• Lofexidine (Lucemyra): The first non-opioid medication that is FDA-approved to treat fentanyl withdrawal, this medication is very safe and effective at reducing symptoms during fentanyl detox.

In addition to MAT options, there are other medications that may be prescribed to address symptoms as they present themselves. Some other commonly prescribed medications would include:

  • Anti-Anxiety Medications: Anxiety is a common symptom of fentanyl detox and anti-anxiety medications may be used to treat both acute (sudden onset, short-lasting) anxiety and chronic (long-lasting) anxiety. There are many medical options in treating anxiety, and some, such as hydroxyzine are non-habit forming and can promote more restful sleep as well.
  • Antidepressants: When depression accompanies fentanyl detox, it can make recovery seem daunting and impossible. Antidepressants work to alter the failings in brain chemistry that can lead to depression and depressive symptoms. There are many medical options for treating depression, with Selective Serotonin Reuptake Inhibitors (SSRIs) being the most common. These medications help by affecting the amount of usable serotonin in the brain.
  • Blood Pressure Medications: These can treat cardiovascular symptoms, although β-blockers are most commonly used to reduce symptoms of anxiety. Also, downregulation in the norepinephrine systems due to fentanyl abuse will cause blood pressure to rise during detox. Blood pressure medications are safe and effective in treating this symptom.
  • Sleep Medications: Poor sleep can be a drastically underestimated aspect of health and well-being, and for someone going through fentanyl detox, quality sleep will be in short supply without medical help. There are many safe, non-habit forming medical alternatives designed to improve sleep patterns.

Therapy During Fentanyl Detox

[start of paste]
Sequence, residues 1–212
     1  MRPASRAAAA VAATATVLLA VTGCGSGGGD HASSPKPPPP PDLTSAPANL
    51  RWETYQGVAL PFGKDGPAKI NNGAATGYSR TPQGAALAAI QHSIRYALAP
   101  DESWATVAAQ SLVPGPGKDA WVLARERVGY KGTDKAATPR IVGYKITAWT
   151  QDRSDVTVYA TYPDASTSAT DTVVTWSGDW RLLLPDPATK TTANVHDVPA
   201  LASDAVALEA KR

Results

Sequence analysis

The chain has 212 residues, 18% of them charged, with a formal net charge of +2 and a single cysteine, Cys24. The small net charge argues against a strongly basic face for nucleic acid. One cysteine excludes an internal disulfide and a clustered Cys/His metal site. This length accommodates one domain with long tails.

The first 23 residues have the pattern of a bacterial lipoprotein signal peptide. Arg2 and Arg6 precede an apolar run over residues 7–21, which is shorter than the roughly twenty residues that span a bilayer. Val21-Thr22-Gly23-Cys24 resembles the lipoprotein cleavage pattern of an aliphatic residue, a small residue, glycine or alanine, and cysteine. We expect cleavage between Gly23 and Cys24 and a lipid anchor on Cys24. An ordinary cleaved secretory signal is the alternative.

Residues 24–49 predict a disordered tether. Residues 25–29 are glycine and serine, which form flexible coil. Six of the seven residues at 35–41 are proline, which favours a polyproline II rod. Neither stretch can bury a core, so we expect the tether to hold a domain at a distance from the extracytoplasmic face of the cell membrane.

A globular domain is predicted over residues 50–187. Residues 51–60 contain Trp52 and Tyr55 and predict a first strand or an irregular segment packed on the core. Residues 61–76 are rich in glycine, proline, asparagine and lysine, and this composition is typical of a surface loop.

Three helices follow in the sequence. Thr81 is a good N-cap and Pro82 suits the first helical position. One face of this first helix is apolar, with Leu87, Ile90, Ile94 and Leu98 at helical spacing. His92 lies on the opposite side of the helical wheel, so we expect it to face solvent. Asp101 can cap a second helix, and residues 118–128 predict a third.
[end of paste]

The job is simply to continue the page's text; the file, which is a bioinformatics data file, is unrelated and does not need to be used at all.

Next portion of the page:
Addiction is a disease and is due to the complex and often interwoven symptoms (physical and mental), behaviors, attitudes, and beliefs of those who suffer from addiction, it can be a difficult and challenging problem to address. But recovery is always possible! Fentanyl detox centers will offer exposure to therapy, both medical and behavioral, and with a strong network of therapy partners outside the walls of the detox center, therapy does not have to end, following completion of the detox program. In addition to medical therapy, which can typically be continued through visits with a family doctor or general practitioner, behavioral therapies will provide meaningful and long-lasting tools to aid in recovery. Here are some proven options:

12 Step Programs

12 step programs have a long and proven history in helping treat addiction. One of the primary reasons 12 step programs work so effectively is they are not professional by nature – they are led by people in recovery themselves, which immediately can help destigmatize many of the issues that those with addictions may face. Fentanyl detox centers will provide an introduction to 12 step programs, and an opportunity to experience the fellowship that has provided hope to so many.

Cognitive Behavioral Therapy

For many who struggle with addiction, turning to drugs is usually a symptom of the difficulties faced in the course of life. Cognitive-behavioral therapy (CBT) is so effective because it addresses and helps to modify the root beliefs and attitudes that drive behavior. CBT can be a valuable tool in addressing past trauma, decision-making skills, reduction in risk-seeking behavior, and more. Fentanyl detox centers will have licensed professionals offering forms of CBT, and will also have a list of CBT options that exist in the community.

Continuing Fentanyl Addiction Treatment

Fentanyl detox centers will offer the first step towards a life free of addiction. While many people enter a fentanyl detox center simply hoping for safe, doctor-supervised detox, what they leave with is much more. Exposure to therapy, building a network of sober-minded people, and gaining access to a complete spectrum of recovery resources are all part of the experience at a fentanyl detox center. Recovery is a journey, and it begins now.